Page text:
Area Forecast Discussion
Issued by NWS Buffalo, NY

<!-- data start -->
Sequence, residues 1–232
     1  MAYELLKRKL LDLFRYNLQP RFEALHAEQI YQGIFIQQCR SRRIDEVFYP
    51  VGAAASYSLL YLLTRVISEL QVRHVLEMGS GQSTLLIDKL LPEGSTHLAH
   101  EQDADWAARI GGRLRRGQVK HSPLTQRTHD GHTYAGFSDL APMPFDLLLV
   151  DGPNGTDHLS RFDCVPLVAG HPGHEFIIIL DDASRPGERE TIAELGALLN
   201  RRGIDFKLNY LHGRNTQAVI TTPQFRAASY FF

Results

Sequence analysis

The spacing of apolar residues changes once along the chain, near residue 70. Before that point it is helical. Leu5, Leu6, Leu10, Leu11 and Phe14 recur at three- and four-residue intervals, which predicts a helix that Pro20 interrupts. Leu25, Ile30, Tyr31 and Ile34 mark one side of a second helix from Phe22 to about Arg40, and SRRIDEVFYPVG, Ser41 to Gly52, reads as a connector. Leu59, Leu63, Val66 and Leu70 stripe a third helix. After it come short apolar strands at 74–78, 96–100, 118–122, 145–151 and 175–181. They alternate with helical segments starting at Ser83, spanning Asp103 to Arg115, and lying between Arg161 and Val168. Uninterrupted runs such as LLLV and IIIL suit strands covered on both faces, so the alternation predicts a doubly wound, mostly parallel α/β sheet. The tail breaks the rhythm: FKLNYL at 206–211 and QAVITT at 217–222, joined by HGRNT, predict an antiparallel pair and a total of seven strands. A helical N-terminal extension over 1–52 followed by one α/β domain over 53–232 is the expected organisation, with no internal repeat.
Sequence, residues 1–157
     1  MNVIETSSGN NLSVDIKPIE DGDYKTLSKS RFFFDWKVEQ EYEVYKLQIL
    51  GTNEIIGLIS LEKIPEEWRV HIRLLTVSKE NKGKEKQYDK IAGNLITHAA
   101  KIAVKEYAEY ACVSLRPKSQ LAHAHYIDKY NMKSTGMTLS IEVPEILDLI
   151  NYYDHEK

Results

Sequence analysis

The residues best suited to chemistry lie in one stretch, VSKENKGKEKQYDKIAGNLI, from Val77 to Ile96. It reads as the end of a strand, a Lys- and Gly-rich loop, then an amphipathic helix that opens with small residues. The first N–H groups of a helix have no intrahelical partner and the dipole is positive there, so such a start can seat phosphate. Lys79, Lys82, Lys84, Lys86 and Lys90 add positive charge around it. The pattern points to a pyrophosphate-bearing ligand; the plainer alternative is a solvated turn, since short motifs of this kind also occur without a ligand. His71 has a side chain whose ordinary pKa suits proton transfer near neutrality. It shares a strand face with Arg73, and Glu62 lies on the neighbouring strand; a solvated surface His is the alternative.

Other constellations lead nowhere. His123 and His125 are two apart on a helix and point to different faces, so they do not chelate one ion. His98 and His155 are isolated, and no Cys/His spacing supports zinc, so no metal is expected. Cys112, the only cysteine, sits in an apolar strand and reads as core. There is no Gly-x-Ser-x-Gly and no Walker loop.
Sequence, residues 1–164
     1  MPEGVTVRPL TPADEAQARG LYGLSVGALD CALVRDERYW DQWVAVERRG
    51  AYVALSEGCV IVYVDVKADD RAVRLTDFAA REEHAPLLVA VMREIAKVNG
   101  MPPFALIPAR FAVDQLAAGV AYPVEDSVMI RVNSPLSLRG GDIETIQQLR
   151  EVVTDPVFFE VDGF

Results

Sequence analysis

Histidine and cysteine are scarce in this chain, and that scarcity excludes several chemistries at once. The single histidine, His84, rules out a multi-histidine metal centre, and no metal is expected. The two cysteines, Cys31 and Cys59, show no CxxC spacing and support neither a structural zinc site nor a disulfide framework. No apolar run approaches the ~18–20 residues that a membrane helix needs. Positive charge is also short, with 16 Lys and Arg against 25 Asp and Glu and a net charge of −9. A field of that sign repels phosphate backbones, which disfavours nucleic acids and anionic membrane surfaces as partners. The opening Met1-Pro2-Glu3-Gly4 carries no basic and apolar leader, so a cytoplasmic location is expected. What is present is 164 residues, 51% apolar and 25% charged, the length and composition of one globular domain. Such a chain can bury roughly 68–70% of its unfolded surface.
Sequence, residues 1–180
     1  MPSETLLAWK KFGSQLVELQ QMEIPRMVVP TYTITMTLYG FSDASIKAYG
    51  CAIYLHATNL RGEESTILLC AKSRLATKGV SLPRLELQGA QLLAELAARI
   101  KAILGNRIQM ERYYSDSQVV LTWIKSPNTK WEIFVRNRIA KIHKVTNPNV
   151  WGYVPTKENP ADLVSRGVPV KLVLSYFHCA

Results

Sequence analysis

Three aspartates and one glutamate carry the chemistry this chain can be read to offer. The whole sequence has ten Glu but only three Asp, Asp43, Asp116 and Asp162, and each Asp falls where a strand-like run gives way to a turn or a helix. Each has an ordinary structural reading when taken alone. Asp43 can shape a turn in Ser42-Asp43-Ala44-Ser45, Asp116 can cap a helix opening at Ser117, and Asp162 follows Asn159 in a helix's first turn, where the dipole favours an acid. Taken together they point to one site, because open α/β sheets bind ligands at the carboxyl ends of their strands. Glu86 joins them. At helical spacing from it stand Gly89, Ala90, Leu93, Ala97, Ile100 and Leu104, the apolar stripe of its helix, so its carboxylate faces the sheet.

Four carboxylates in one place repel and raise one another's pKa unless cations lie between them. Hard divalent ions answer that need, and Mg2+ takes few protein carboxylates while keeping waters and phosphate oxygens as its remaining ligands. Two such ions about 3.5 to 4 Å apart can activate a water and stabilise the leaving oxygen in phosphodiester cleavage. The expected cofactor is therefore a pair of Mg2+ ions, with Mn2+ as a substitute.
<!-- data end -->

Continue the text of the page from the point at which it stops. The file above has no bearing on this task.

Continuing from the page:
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000 FXUS61 KBUF 250248 AFDBUF Area Forecast Discussion National Weather Service Buffalo NY 1048 PM EDT Mon Apr 24 2017 .SYNOPSIS... High pressure will move away tonight. Low pressure over the southeastern states will slowly push northward along the east coast over the next several days. This will spread showers into our region late tonight and Tuesday. It will then become summer-like by mid week, as the mercury will soar into the 70s for Wednesday and well into the 80s Thursday. && .NEAR TERM /THROUGH TUESDAY/... The axis of the large surface high will push east to the Canadian maritimes overnight, while a cut-off low over the southeast CONUS makes slow progress northward. Strengthening low-level southeast flow will develop north of the low, which in turn will advect increasing amounts of Atlantic moisture back up across our forecast area. This can be seen on radar moving into northern Pennsylvania late this evening, however it is very dry across Western New York so these showers should initially evaporate before moving into the region late tonight. Precipitation should blossom into some steadier shower activity Tuesday morning as better lift arrives and lower levels saturate out. The shower activity will diminish from west to east Tuesday afternoon and Tuesday night as the deeper moisture and better forcing slide off into New England. Rainfall amounts out of this system will be fairly light with totals less than a quarter inch in most areas. Otherwise, overnight low temperatures will be in the 40s, with highs Tuesday ranging from the upper 50s to mid 60s. && .SHORT TERM /TUESDAY NIGHT THROUGH THURSDAY NIGHT/... A slow-moving cutoff low will continue to make its way up the East Coast as we move through Tuesday night and into Wednesday. While most of the shower activity should be tapering off as we move into Tuesday night, as the bulk of the deeper moisture and synoptic forcing will be moving off into New England, nonetheless there will be enough of a southeasterly fetch of Atlantic moisture to maintain at least a chance of showers across the eastern half of the forecast area through much of the night. Things should dry out as we move into Wednesday, and the low pressure system continues to fill as it moves off the coast of New Jersey. The moist southeasterly flow will give way to warmer and drier southerly flow that will help clear out lingering cloud cover while boosting temperatures into the 70s. We should see mostly clear skies Wednesday night into Thursday, as a sharply amplified upper level ridge transits the region. Warm air and downsloping southerly flow will keep temperatures in the mid 50s Wed night, with readings in the low 60s along the Lake Erie plain, making it feel more like July than April. Thursday will be the warmest day we have seen so far this year, as a combination of subsidence that will boost 850mb temps to in excess of +18C. The subsidence, abundant sunshine, and slight downsloping on south-southeasterly flow will translate to highs that should easily top out in the mid-80s for many locales, with temperatures potentially approaching 90 in the Genesee valley. Things get more interesting as we move into Thursday night and a cold front approaches the region. Convection occurring along a pre- frontal trough is forecast to move across the forecast area overnight. While there may be a potential for some of these storms to be strong and possibly severe, particularly across far Western New York in the evening, when instability will be maximized, vertical shear as depicted in the models is marginal for severe weather, and moisture is limited. In addition, should the front be held up by even a few hours, the pre-frontal trough will cross later in the night, when diurnal instability will be greatly reduced. Nonetheless, it is often the case that when we see a dramatic warmup such as the one expected Thursday, it is followed by a bout of severe weather...so this is a scenario that will bear close watching over the next couple of days... As a final note, high temperature records for April 27th are 84 at Buffalo (1984)...86 at Rochester (1990)...and 85 at Watertown (2009)...with it appearing increasingly likely that the records at Buffalo/Rochester will at least be approached if not threatened on Thursday. After that...modest cool air advection setting up behind the cold frontal passage will allow lows to fall back into the mid and upper 50s Thursday night...though such readings will still be some 15-20 degrees above late April normals. && .LONG TERM /FRIDAY THROUGH MONDAY/... The cold front mentioned in the Short Term Discussion above is forecast to be in the process of shifting across Central NY Friday morning then clearing to the east of the forecast area by Friday afternoon with while the tail end stalls just south of the NY/PA border. Have left a chance of showers with a slight chance of thunderstorms during the morning east of about a Watertown to Oswego to Wellsville line with a slight chance of a shower to the west of that line. Expect mainly dry weather for Friday afternoon with a narrow wedge of high pressure building in behind the front. The exceptions are a slight chance of a shower possible in the afternoon for the eastern Lake Ontario Region lingering behind the cold front as well as far western NY ahead of an approaching weak surface wave moving into the Ohio Valley. Friday night, the weak surface wave with associated 40kt low level jet will shift from the Ohio Valley to western NY. In this process it should lift the stalled front to our south back north as a warm front, stretching across western and central NY. As this system shifts along the stalled front it will bring a chance of showers Friday night and Saturday morning with a chance of thunderstorms possible in the Southern Tier Saturday afternoon where some instability is possible south of the warm front. Saturday night, a chance of showers will linger for all areas with the front still stretch across western and central NY. Sunday and Monday will feature more widespread chances of showers and thunderstorms as forcing and instability are enhanced by a low pressure system strengthening in the Midwest. Southerly flow ahead of this system will bump the stalled front a little further with moisture and instability interacting with the warm front causing the chance for showers and thunderstorms. The low pressure system looks to rapidly deepen on Monday while lifting over Michigan. A cold front associated with this storm will approach the forecast area Monday or Monday night bringing the risk for another day of showers and thunderstorms. Its still pretty far out to be more certain but there could even be a risk of severe storms as shear will be enhances ahead of the cold front. Temperature-wise, readings through will remain well above normal with daytime highs Friday through Sunday still expected to range between the mid 60s and lower 70s. Overnight lows look to run comfortably in the upper 40s to low 50s. As mentioned in a previous discussion, while temperatures are forecast above average, the exact magnitude of these departures will be highly dependent upon the exact position of the warm front. This feature will mark the dividing line between pleasantly warm spring conditions to its north and downright midsummerlike warmth to its south. Monday may be the warmest day of the period as the warm front lifts north of our region possibly setting the stage for another run toward 80 degrees should showers and thunderstorms hold off until late in the day. Looking out just beyond this period into Monday night/Tuesday. There could be a risk of strong gradient wind gusts in the wake of the front downwind of the lakes. This would be due to the track of the surface low following a favorable track and 50+ knot low level jet mixing in cold advection behind the front. This is a very early assessment so stay tuned for future updates. && .AVIATION /03Z TUESDAY THROUGH SATURDAY/... High pressure centered near Hudson Bay will extend to the south across New England into this evening, and this will allow for flying with nearly cloud free skies. There is high confidence in VFR conditions for most of the night, but then clouds will lower and thicken abruptly between 08Z and 12Z. Some light showers are likely, with cigs lowering to near MVFR Tuesday morning as the lower levels become saturdated. Showers will taper off from west to east Tuesday afternoon, with mainly VFR conditions. Outlook... Tuesday night...VFR. Wednesday...VFR. Thursday...VFR/MVFR with a chance of showers and thunderstorms. Friday and Saturday...Mainly VFR with a slight chance of showers and thunderstorms. && .MARINE... The northeasterly flow has diminished some this evening, with winds/waves expected to be just below small craft criteria on the western two-thirds of Lake Ontario. The largest waves will be in Canadian waters as the flow becomes more easterly. A general east to southeast flow will remain in place across the Lower Great Lakes Tuesday and Wednesday, as a very slow moving coastal low will be found along the coast of the Carolinas. Again, the choppiest conditions will be found in Canadian waters so no additional marine related flags are anticipated. && .BUF WATCHES/WARNINGS/ADVISORIES... NY...None. MARINE...None. && $$ SYNOPSIS...TMA NEAR TERM...APFFEL/TMA SHORT TERM...WOOD LONG TERM...SMITH AVIATION...APFFEL MARINE...APFFEL/TMA